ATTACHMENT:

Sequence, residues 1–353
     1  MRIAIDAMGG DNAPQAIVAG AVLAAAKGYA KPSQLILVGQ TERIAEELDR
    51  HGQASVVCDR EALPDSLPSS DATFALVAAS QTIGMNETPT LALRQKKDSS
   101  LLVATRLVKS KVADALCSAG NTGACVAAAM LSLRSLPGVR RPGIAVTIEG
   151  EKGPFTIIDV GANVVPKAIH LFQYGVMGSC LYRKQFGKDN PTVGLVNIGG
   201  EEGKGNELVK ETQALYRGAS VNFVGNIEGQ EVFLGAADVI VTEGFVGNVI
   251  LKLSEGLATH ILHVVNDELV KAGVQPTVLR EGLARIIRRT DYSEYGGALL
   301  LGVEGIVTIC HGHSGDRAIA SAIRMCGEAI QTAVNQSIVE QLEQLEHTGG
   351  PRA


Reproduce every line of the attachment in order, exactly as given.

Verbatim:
Sequence, residues 1–353
     1  MRIAIDAMGG DNAPQAIVAG AVLAAAKGYA KPSQLILVGQ TERIAEELDR
    51  HGQASVVCDR EALPDSLPSS DATFALVAAS QTIGMNETPT LALRQKKDSS
   101  LLVATRLVKS KVADALCSAG NTGACVAAAM LSLRSLPGVR RPGIAVTIEG
   151  EKGPFTIIDV GANVVPKAIH LFQYGVMGSC LYRKQFGKDN PTVGLVNIGG
   201  EEGKGNELVK ETQALYRGAS VNFVGNIEGQ EVFLGAADVI VTEGFVGNVI
   251  LKLSEGLATH ILHVVNDELV KAGVQPTVLR EGLARIIRRT DYSEYGGALL
   301  LGVEGIVTIC HGHSGDRAIA SAIRMCGEAI QTAVNQSIVE QLEQLEHTGG
   351  PRA